At an estimated cost of $1.3 billion, it's too expensive to bring classic BART to Hillcrest Avenue in the near future. But the $481 million for eBART to get there, possibly in 2014, looks like it will be available, according to BART officials.
So East County motorists, who are currently stuck in the bumper-to-bumper grind of "rush hour" traffic, at least have something to look forward to. If they can hold out until 2013, it should be smooth sailing on Highway 4 all the way to Hillcrest. And a year later, hundreds if not thousands of motorists may forsake the highway altogether and instead take eBART to the Bay Point BART station.
East County leaders are justifiably concerned about the possible negative impact to the Highway 4 widening of the eBART project. The highway widening must remain the top priority, as it will have the most beneficial impact for most East County motorists. But BART officials believe both projects can proceed simultaneously without impinging on one another.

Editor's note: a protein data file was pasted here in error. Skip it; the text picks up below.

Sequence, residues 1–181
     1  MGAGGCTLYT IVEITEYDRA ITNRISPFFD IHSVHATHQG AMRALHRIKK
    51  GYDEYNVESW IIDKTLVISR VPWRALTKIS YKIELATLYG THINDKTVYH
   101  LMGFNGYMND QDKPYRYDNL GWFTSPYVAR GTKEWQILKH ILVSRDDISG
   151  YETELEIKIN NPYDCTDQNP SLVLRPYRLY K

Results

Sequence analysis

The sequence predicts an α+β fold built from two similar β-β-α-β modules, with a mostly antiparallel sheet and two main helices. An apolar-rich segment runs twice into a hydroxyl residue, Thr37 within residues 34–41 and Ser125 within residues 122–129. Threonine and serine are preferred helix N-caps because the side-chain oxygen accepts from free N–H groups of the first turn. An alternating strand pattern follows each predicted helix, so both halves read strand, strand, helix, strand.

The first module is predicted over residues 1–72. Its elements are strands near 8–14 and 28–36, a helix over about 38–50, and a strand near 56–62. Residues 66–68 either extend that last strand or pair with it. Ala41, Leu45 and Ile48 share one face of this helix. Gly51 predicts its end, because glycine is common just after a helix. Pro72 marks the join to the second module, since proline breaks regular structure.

The big downside to the latest eBART news is that it will take longer than originally planned to get eBART trains to Oakley, Brentwood and Byron. Originally scheduled to be completed in 2010, it now looks like we may be a decade or more away from that prospect.
But, with traffic becoming more and more congested each month, it's encouraging that it looks like eBART, which has been saddled with delays and cost overruns, is back on track. And with the completion of the northern segment of the Highway 4 Bypass later this year, the traffic situation will slowly be getting better for East County's weary motorists.